Poland’s Foreign Minister has reacted forcefully to a plan by Italy to cut European Union (EU) funding for Eastern European countries that refuse to take in immigrants, calling the proposal “totally unjustified blackmail based on ignorance.”
A week ago Italian Prime Minister Matteo Renzi proposed that the European Union block all funding to member nations unwilling to accept the relocation of immigrants, referring especially to countries such as Poland and Hungary that have expressed opposition to EU schemes to spread the immigrants throughout member states.
The Polish Foreign Minister Witold Waszczykowski (pictured) has responded in a radio interview by attacking the Italian Government and Prime Minister Matteo Renzi for what he calls blackmail.
Waszczykowski said that the European Structural Funds are part of the EU Treaties and therefore “Renzi cannot touch them.”
“The problem of migrants and refugees has nothing to do with European policies, it is a prerogative of national security,” he said.
The Polish minister also said that Prime Minister Renzi “probably does not know that Poland is already home to a million Ukrainians in their territory.”
Poland’s indignation at the Renzi proposal was echoed by the government of Viktor Orban in Hungary. Zoltan Kovacs, Hungary’s Secretary of State for Public Diplomacy and Relations, said that Renzi’s threat to cut the European funds to countries blocking the relocation of migrants amounted to “political blackmail.” Hungary also reiterated its opposition to the quota system for the redistribution of refugees within the European Union.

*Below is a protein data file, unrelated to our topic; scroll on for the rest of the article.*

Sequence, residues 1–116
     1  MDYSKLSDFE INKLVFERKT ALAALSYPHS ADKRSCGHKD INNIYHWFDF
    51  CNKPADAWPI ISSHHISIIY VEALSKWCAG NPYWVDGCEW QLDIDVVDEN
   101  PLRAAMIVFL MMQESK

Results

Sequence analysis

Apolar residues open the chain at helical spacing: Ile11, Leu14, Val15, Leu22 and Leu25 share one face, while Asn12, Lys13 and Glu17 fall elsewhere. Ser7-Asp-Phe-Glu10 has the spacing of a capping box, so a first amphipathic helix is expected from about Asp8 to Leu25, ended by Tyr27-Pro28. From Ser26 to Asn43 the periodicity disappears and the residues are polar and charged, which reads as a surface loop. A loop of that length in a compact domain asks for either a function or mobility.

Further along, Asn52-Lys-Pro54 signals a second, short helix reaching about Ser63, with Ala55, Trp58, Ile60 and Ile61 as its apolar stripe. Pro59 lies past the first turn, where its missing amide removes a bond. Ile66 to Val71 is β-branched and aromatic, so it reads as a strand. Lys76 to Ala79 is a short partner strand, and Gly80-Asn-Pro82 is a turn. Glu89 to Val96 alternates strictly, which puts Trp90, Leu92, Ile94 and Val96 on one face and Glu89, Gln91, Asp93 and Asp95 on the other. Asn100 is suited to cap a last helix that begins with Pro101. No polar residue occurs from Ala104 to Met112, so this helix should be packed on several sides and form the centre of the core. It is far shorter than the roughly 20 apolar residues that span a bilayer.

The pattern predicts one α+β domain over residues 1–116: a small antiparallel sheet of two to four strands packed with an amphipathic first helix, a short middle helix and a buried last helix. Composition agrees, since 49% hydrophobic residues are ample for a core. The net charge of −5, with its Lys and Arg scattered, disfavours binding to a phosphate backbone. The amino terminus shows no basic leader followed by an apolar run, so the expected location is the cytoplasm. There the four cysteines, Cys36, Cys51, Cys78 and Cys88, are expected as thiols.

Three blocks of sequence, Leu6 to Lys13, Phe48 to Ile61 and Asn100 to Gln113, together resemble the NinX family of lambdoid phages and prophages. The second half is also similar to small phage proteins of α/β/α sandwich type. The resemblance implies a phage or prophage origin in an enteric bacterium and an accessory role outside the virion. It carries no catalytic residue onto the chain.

Hungary has upped its production of razor wire, posts and other materials needed to build border fences meant to stop the flow of migrants.
Kovacs announced that increased production will allow Hungary to build a fence on the Romanian border, or if there is demand for the fence from other countries.
Last year, Hungary reportedly sold Slovenia 24,000 rolls of razor wire, 16,000 fence posts and 48,000 fasteners and also donated 100 kilometers (62 miles) of razor wire, a pile driver and other equipment to Macedonia.
The recent squabble underscores the tensions underlying discussions on Europe’s acute immigration crisis. Italy and Greece are the hardest hit by migrants wanting to get into Europe, but assert their inability to assimilate anywhere near the numbers that are arriving to their shores.
Renzi has come under increasing pressure to deal with the problem, and has been harshly criticized from the right for what has been called his utter ineffectiveness.
Last month, Italian Senator Marco Marin of the Forza Italia Party said that the Prime Minister had converted Italy into a “great parking lot of despair” through his inability to effectively address Italy’s immigration crisis.
Marin unfavorably compared Renzi’s inaction to the more decisive moves of other European states, such as Sweden, the Netherlands,and Denmark.
“Sweden has announced the deportation of 80 thousand migrants, the Netherlands intends to repatriate via train the asylum-seekers arriving into Greece from Turkey and Denmark confiscates valuables as ‘repayment’ for migrant access to welfare,” he said. “The Renzi government, however, waits, standing still, not knowing what to do.”
Forecasts of a tidal wave of as many as 400,000 immigrants into Italy “in the coming weeks” have Italians on edge as the Schengen treaty guaranteeing open internal European borders seems to be dissolving before their eyes.
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